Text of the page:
According to the Centers for Disease Control and Prevention (CDC), approximately 20,000 women are diagnosed with ovarian cancer annually in the United States while another 15,000 women lose their lives from the disease each year. The insidious nature of ovarian cancer makes it difficult to detect in its early stages when treatment is most effective. There is no definitive test for the presence of the cancer and symptoms are often vague. Women are frequently in advanced stages of the disease when they are diagnosed.
Recent settlements in lawsuits against Johnson & Johnson have been validating scientific evidence that there is a direct link between talcum powder and ovarian cancer. Since February 2016, Johnson & Johnson has been ordered to pay out $127 million in two cases wherein women developed ovarian cancer after long term use of the company’s talcum powder products. Despite warnings that talcum powder was found in the ovaries of women with ovarian cancer in 1972, Johnson & Johnson has continued to sell their products without warnings of the potential dangers.
Talcum powder is made from the natural mineral talc, which contains magnesium, silicon, oxygen, and hydrogen. In 1971, scientists first discovered the presence of talc particles in malignant ovarian and cervical tumors. An estimated 20 percent of all ovarian cancer cases are now directly linked to long term use of talcum powder. Women have used products such as Johnson & Johnson’s Baby Powder and their alternate brand Shower to Shower as an effective way to control moisture and reduce friction. When used regularly in the genital or peritoneal areas, the talcum powder fibers can travel through the fallopian tubes and settle in the tissue of the ovaries.
The most compelling evidence to prove this theory is that women who undergo a tubal ligation are 40 percent less likely to develop ovarian cancer. Women who do not have their fallopian tubes tied are 30 percent more likely to develop ovarian cancer when they use talcum based products over a long period of time. The American Cancer Society has confirmed the link between talc and ovarian cancer, yet they are calling for more studies to investigate how much the risk of developing ovarian or cervical cancer increases with long term use of talcum powder.
Manufacturers, distributors, and retailers have a responsibility to protect the public by ensuring their products are safe and free from hazards. When these companies market harmful products to the public, they can be held liable for damages under product liability laws. Johnson & Johnson violated these laws when they failed to adequately warn their customers about the link between talcum powder and ovarian cancer. The current lawsuits assert that Johnson & Johnson should have pulled their product from the shelves until investigations were conducted, or at the very least, put visible warnings on their packaging to inform the consumer of the potential danger to using their product.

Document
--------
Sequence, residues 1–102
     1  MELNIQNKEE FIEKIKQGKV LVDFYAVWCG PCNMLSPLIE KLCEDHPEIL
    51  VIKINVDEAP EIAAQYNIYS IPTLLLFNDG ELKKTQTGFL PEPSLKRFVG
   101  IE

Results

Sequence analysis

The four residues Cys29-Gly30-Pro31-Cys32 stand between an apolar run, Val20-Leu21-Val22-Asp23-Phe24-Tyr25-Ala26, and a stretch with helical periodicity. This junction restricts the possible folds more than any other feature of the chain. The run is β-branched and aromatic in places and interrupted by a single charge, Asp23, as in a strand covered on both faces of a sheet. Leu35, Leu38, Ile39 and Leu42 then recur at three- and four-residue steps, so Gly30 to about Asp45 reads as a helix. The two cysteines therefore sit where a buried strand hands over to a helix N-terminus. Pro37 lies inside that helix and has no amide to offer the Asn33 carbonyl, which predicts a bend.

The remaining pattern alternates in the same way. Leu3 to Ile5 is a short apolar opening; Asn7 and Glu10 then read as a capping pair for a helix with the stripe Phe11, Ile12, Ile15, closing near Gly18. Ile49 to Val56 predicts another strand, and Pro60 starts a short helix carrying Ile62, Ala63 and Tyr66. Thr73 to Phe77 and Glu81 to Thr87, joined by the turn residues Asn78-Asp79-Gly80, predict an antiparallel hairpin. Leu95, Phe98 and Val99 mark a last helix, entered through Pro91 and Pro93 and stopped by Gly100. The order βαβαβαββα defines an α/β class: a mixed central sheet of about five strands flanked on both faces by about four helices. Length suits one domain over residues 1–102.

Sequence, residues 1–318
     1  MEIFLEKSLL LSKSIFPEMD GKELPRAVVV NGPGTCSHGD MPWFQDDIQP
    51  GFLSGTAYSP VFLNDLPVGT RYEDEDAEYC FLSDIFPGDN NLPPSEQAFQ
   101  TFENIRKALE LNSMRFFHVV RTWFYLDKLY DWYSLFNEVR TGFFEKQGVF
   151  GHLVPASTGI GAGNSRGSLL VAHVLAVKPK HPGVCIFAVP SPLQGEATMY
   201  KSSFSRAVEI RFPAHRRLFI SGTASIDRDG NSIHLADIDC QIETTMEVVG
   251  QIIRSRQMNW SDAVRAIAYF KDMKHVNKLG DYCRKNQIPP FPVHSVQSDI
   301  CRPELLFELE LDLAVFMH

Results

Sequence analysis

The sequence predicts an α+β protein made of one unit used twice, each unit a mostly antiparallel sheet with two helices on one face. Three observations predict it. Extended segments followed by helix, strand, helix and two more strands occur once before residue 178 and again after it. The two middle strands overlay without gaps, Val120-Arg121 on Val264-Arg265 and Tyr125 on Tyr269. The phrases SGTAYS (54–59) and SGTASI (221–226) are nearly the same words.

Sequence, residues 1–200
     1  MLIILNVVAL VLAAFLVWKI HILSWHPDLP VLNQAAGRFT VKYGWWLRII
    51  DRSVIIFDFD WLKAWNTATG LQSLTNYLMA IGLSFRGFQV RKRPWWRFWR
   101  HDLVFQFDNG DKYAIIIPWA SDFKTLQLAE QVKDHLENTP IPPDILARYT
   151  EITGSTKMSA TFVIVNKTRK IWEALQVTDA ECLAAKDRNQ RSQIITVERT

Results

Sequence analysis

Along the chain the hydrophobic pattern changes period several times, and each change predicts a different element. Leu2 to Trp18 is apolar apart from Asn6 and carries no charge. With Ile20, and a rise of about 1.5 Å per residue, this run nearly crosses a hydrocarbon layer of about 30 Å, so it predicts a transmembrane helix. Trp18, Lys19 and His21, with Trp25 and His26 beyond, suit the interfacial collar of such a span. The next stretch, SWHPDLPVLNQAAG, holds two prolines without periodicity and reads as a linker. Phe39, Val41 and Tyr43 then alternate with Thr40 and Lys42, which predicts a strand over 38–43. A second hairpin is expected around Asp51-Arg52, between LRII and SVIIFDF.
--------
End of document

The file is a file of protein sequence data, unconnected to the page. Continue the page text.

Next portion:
There are 1,200 product liability lawsuits against Johnson & Johnson currently pending. All of the plaintiffs in these cases have suffered damages related to their use of talcum powder. A spokesperson for Johnson & Johnson said the company is planning to appeal the first two settlement awards citing that their product labeling was sufficient for consumers to make an informed decision on using the product.
A diagnosis of ovarian or cervical cancer is devastating. Patients face months and even years of medical intervention that can include surgery, chemotherapy, and radiation. Medical bills can soar, leaving many patients and their families with a financial hardship. The experienced team of New Jersey product liability lawyers at Eichen Crutchlow Zaslow & McElroy can help you claim the justice and compensation that could help alleviate some of the burdens placed on you and your family because of your cancer.
Call us at 732-777-0100 or contact us online to schedule a consultation today. Our offices are located in Red Bank, Edison, and Toms River, New Jersey allowing us to serve clients throughout the state.